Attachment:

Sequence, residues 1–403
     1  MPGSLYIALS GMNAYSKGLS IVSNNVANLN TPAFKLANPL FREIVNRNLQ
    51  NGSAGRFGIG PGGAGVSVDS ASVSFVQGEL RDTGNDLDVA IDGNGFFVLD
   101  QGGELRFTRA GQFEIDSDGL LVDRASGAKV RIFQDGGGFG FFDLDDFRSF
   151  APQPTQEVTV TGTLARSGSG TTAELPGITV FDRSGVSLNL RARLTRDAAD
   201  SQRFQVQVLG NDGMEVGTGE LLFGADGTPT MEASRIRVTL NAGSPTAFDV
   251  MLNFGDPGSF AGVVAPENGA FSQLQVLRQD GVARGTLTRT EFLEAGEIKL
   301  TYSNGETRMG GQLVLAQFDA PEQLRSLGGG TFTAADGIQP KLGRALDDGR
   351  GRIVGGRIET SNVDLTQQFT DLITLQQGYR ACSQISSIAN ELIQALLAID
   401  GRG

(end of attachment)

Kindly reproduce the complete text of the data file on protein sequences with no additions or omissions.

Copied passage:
Sequence, residues 1–403
     1  MPGSLYIALS GMNAYSKGLS IVSNNVANLN TPAFKLANPL FREIVNRNLQ
    51  NGSAGRFGIG PGGAGVSVDS ASVSFVQGEL RDTGNDLDVA IDGNGFFVLD
   101  QGGELRFTRA GQFEIDSDGL LVDRASGAKV RIFQDGGGFG FFDLDDFRSF
   151  APQPTQEVTV TGTLARSGSG TTAELPGITV FDRSGVSLNL RARLTRDAAD
   201  SQRFQVQVLG NDGMEVGTGE LLFGADGTPT MEASRIRVTL NAGSPTAFDV
   251  MLNFGDPGSF AGVVAPENGA FSQLQVLRQD GVARGTLTRT EFLEAGEIKL
   301  TYSNGETRMG GQLVLAQFDA PEQLRSLGGG TFTAADGIQP KLGRALDDGR
   351  GRIVGGRIET SNVDLTQQFT DLITLQQGYR ACSQISSIAN ELIQALLAID
   401  GRG